Basal Cell Carcinoma (BCC) is the most common type of skin cancer, accounting for approximately 80% of all cases. It predominantly affects individuals with fair skin, and its incidence is increasing worldwide. Understanding the key features, diagnosis, and management of BCC is crucial for medical professionals. This guide aims to provide an overview of BCC for the United States Medical Licensing Examination (USMLE).
BCC arises from the basal cells of the epidermis, which are responsible for regeneration and repair of the skin. Exposure to ultraviolet (UV) radiation is the primary risk factor for BCC development. Chronic sun exposure, tanning beds, and genetic predisposition contribute to the pathogenesis. BCC commonly occurs on sun-exposed areas such as the face, scalp, ears, neck, and upper trunk.
BCC typically presents as a slowly growing, painless, and non-healing skin lesion. The classic appearance is a pearly, translucent papule or nodule with telangiectasias (dilated blood vessels). Other presentations include:
Diagnosis of BCC is based on clinical presentation and confirmed by biopsy. Dermoscopy, a non-invasive technique using a handheld device, aids in distinguishing BCC from other skin lesions. Histopathological examination reveals characteristic features, including:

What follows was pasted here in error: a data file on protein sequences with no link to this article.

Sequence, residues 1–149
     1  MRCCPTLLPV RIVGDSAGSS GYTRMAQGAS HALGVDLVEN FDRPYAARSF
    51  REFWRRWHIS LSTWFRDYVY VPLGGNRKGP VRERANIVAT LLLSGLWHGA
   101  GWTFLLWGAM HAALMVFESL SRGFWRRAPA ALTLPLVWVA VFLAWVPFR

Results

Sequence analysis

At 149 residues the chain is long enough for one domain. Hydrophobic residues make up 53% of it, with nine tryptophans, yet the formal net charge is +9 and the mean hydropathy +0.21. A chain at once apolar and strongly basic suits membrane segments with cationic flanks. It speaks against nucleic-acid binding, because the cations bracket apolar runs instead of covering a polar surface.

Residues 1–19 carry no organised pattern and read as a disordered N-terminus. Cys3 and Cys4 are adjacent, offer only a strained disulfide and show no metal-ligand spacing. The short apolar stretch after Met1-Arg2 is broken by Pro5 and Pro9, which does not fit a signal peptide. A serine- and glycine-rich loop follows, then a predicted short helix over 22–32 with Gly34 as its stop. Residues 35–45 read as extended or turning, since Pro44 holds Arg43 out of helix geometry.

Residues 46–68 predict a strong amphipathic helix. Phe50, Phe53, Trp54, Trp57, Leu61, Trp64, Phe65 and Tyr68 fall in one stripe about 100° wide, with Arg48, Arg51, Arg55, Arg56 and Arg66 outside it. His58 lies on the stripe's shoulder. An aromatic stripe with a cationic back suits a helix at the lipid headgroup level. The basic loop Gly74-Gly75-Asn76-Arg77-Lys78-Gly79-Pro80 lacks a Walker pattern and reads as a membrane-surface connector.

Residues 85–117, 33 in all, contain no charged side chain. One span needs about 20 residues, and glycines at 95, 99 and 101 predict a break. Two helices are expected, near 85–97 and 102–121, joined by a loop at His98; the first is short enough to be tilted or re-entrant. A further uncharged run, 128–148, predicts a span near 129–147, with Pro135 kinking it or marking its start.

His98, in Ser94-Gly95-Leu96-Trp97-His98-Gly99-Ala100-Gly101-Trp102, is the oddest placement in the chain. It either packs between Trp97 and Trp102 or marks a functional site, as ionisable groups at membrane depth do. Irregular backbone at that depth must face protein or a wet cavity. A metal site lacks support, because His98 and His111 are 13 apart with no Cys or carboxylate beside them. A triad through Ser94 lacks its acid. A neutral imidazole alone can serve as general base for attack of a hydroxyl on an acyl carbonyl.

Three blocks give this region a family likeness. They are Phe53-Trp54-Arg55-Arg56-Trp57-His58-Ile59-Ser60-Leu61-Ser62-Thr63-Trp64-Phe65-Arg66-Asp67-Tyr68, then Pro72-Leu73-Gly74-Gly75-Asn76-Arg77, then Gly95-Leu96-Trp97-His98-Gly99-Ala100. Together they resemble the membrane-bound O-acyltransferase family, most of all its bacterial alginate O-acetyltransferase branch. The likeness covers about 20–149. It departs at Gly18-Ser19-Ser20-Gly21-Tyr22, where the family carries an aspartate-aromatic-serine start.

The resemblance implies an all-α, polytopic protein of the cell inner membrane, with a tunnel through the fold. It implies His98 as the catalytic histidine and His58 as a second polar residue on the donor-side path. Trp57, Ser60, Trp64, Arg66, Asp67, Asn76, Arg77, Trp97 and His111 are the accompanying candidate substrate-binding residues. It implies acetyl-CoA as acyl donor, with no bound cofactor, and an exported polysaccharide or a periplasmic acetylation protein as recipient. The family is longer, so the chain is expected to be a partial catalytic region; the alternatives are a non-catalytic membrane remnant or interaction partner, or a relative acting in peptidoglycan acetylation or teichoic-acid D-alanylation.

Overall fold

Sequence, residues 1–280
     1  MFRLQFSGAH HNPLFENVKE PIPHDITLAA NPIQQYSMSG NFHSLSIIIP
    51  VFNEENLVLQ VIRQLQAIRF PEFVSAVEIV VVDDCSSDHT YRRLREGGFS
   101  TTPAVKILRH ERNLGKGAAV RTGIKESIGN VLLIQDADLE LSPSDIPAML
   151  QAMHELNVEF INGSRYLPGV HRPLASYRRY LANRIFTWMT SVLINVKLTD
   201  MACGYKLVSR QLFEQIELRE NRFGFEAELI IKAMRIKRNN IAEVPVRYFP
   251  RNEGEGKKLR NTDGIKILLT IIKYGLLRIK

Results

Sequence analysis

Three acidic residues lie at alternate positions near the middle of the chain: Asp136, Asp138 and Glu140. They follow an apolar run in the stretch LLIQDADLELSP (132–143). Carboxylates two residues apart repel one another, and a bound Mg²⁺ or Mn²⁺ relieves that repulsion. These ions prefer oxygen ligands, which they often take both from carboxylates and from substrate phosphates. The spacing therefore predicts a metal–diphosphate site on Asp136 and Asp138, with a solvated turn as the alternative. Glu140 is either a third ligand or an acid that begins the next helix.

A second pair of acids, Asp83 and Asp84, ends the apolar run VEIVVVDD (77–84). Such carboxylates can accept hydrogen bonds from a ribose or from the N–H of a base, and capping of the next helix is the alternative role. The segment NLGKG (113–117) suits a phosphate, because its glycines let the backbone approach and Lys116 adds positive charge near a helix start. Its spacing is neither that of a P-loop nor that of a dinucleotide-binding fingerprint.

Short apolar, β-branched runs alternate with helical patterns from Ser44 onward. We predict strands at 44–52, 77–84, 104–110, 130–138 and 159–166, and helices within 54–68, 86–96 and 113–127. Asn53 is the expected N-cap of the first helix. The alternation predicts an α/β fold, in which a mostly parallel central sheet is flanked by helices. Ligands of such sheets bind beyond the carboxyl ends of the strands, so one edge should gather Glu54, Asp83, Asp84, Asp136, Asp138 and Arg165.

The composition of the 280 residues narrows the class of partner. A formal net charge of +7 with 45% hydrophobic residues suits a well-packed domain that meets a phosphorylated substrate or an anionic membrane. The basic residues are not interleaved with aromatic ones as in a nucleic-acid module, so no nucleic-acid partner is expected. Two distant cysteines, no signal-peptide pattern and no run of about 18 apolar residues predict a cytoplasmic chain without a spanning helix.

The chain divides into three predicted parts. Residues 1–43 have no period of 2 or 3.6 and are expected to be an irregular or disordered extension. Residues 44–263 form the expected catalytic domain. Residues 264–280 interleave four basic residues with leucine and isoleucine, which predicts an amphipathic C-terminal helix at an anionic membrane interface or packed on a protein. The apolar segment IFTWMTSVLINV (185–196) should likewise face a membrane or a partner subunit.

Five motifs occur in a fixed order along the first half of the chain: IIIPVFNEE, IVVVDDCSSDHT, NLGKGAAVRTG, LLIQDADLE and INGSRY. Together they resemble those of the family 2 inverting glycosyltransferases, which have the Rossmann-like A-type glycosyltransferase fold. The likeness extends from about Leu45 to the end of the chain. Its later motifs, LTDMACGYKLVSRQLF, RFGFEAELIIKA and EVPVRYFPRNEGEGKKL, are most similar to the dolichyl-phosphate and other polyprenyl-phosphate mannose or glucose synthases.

The primary goal of BCC management is complete tumor removal while preserving normal tissue. Treatment options depend on the tumor size, location, histology, and patient factors. Common approaches include:
BCC has a generally favorable prognosis, with a low metastatic potential. However, if left untreated, local invasion can lead to extensive tissue destruction. Recurrence rates vary based on the treatment modality used and tumor characteristics. Regular follow-up and sun protection measures are essential for early detection and prevention of further skin cancers.
Basal Cell Carcinoma is a prevalent skin cancer with important clinical implications. Understanding its pathophysiology, clinical presentation, diagnosis, and management is crucial for physicians. This USMLE guide provides a comprehensive overview of BCC, enabling medical professionals to approach this condition confidently in their practice.